Objective: To examine racial-ethnic/gender differences in the odds of injury and in the odds of seeking medical treatment among workers in the United States.
Methods: Logistic regression models were used to estimate the odds of having a work injury and the odds of seeking medical treatment for these injuries in a sample of non-Latino Black, Latino, and non-Latino white workers from the Medical Expenditure Panel Survey (2002-2006).
Results: Significant variation in the odds of injury was observed across racial-ethnic/gender groups. Although race-gender groups had significant variation in the odds of experiencing a work injury, we found few differences in treatment seeking. Among the 6 subgroups, we found that white women were significantly less likely to report an injury and significantly more likely to seek treatment when injured. Having health insurance played a key role in utilization among injured workers. The odds of seeking treatment were 33% lower for uninsured workers compared with those with private insurance. Publicly insured workers were no different from privately insured workers.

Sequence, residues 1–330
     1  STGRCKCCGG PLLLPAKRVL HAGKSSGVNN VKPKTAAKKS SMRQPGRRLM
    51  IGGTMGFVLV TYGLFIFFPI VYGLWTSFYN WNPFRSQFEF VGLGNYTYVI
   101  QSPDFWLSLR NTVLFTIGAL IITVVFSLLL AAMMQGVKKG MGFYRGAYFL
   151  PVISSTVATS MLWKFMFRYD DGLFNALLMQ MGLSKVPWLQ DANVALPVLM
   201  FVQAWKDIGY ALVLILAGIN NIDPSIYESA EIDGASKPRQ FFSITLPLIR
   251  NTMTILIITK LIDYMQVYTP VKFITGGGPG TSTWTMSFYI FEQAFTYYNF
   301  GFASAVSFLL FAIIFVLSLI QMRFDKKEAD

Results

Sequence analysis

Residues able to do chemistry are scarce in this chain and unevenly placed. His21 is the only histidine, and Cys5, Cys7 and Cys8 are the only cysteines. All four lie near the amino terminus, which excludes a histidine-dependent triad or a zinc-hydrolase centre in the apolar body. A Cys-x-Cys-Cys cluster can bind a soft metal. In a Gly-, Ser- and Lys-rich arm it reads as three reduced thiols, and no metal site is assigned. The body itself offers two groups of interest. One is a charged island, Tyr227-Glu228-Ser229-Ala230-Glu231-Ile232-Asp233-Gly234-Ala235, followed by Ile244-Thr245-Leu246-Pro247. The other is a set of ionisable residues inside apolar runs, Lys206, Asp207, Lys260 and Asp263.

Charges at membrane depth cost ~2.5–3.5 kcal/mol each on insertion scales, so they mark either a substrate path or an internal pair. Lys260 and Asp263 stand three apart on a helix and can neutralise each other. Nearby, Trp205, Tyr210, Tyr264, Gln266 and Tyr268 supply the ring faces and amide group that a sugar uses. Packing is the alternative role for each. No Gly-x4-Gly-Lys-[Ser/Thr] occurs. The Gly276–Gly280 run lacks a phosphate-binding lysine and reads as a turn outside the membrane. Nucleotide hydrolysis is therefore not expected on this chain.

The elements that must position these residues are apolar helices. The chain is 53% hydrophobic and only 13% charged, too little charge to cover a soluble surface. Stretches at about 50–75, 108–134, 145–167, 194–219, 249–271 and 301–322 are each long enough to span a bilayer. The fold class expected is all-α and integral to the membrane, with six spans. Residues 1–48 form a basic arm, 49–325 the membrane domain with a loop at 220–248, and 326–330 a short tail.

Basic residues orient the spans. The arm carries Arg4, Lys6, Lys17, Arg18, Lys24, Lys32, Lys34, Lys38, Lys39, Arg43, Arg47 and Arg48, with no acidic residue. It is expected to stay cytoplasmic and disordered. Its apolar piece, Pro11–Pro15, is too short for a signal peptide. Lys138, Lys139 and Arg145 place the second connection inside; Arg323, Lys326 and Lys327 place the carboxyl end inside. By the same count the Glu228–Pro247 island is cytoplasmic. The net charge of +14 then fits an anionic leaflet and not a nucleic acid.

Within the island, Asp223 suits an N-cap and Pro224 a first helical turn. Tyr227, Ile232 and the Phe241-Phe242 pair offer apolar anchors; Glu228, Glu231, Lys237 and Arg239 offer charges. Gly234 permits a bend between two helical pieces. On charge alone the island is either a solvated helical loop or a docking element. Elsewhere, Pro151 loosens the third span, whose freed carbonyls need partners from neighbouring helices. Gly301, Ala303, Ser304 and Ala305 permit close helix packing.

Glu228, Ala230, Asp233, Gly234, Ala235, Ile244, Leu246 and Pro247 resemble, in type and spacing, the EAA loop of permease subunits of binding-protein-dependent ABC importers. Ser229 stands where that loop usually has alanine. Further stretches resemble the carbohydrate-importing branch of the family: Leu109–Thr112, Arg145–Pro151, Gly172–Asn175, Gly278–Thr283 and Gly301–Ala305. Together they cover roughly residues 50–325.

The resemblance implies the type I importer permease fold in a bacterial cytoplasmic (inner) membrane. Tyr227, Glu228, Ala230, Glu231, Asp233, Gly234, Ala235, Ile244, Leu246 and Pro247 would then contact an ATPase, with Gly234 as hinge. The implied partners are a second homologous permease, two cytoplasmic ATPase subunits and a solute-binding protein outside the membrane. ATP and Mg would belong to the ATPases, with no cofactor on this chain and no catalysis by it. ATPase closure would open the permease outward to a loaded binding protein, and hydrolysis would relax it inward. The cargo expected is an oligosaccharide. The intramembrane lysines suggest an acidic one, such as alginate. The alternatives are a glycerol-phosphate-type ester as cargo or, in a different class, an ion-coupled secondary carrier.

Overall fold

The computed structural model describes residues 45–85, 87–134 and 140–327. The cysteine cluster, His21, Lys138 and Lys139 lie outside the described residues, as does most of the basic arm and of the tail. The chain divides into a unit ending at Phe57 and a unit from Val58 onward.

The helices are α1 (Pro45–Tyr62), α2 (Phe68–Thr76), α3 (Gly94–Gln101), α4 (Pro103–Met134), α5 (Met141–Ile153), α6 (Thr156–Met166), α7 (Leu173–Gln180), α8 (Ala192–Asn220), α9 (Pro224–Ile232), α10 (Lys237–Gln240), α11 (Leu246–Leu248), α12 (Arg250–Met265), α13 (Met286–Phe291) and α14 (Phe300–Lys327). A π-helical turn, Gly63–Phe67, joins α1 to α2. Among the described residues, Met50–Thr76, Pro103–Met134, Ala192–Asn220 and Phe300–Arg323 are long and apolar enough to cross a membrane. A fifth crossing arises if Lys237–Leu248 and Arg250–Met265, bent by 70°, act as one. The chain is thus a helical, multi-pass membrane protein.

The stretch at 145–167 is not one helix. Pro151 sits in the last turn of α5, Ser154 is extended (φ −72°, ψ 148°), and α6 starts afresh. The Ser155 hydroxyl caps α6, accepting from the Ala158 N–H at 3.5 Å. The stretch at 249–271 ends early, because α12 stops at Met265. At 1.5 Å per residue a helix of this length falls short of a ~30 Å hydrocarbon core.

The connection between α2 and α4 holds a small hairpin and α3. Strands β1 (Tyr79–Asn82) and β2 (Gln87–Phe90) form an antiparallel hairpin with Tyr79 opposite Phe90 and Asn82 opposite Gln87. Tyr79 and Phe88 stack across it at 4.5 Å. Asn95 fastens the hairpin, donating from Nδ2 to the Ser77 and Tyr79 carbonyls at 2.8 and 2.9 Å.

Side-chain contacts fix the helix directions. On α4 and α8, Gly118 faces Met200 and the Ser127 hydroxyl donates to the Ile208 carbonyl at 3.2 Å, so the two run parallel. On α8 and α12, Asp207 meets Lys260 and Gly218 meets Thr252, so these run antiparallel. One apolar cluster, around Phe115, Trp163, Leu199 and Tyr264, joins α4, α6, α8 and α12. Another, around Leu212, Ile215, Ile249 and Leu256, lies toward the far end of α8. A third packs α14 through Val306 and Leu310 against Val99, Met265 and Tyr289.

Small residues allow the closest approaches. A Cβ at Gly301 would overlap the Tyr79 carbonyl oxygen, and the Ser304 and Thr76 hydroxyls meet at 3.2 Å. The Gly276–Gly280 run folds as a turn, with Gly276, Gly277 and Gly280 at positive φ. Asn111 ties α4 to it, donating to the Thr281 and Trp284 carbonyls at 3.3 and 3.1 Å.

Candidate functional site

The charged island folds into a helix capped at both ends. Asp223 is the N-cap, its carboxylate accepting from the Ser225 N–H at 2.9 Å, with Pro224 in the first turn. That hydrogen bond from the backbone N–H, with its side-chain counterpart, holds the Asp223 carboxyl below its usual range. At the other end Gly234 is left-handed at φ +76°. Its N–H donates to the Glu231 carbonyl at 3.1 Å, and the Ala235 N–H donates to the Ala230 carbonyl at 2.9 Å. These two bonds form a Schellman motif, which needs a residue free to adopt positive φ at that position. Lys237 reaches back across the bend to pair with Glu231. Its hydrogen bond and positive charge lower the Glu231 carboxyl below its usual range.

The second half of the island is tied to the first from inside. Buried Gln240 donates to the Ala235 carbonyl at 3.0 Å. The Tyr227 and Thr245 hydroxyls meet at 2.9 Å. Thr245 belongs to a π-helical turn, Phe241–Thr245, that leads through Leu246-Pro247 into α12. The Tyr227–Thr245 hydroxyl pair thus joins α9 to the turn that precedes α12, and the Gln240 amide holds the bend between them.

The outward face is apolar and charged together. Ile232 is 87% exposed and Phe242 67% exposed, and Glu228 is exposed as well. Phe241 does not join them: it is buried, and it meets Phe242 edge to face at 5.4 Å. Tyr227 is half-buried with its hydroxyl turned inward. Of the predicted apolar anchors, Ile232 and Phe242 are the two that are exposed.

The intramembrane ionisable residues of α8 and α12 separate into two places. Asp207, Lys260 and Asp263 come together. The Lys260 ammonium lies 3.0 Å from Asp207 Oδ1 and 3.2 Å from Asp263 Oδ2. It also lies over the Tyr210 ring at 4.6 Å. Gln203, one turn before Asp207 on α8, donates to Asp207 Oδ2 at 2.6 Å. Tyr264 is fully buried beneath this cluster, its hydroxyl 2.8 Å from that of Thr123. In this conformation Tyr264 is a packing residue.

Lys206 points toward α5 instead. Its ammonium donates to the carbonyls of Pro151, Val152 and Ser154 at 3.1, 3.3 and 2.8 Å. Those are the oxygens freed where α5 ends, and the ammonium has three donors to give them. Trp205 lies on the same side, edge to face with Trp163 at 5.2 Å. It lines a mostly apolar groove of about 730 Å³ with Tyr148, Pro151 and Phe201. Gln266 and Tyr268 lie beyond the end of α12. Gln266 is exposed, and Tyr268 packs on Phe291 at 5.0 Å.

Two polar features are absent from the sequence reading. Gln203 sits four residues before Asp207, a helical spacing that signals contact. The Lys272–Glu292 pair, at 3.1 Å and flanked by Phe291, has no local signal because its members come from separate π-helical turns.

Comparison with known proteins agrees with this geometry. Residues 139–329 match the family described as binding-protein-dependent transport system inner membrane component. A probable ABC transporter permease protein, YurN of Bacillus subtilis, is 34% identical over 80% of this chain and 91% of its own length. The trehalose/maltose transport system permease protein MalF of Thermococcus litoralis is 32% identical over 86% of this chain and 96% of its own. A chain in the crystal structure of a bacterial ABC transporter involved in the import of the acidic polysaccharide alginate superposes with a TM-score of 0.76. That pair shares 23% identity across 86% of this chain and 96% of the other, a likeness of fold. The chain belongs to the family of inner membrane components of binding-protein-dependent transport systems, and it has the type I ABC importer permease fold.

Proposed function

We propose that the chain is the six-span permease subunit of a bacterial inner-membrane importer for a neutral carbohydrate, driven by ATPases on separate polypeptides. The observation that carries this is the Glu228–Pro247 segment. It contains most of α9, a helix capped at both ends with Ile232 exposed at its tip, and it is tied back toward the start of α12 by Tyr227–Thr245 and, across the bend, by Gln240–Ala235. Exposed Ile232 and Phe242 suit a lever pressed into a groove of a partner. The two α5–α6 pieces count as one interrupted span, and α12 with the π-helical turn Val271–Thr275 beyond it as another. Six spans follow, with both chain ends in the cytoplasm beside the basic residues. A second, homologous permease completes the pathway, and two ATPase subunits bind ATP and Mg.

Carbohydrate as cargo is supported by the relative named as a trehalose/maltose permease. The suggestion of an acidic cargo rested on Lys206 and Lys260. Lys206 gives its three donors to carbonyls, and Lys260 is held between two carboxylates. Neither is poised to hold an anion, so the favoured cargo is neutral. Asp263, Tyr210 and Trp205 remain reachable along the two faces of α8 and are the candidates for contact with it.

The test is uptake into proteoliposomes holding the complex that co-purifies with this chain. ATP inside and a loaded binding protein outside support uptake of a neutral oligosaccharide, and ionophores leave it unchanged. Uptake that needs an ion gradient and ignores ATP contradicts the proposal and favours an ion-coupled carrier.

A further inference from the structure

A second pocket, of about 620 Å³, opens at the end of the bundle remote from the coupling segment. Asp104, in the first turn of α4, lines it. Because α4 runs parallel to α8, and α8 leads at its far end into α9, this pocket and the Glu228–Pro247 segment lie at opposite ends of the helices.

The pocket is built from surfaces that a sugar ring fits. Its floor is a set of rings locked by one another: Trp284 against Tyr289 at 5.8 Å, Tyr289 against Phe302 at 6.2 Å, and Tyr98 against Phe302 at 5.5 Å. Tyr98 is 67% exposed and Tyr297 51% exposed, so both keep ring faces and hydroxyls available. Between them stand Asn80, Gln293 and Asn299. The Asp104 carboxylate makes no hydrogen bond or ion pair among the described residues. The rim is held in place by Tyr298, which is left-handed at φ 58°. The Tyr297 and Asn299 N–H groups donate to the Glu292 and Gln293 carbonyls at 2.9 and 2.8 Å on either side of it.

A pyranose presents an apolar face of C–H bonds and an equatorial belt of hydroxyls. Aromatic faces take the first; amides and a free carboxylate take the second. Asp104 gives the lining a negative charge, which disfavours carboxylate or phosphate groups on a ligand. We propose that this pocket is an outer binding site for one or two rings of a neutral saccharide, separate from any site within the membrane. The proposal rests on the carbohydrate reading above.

Conclusions: Our study sheds light on current trends in work injuries and associated medical care utilization among a nationally representative sample of workers.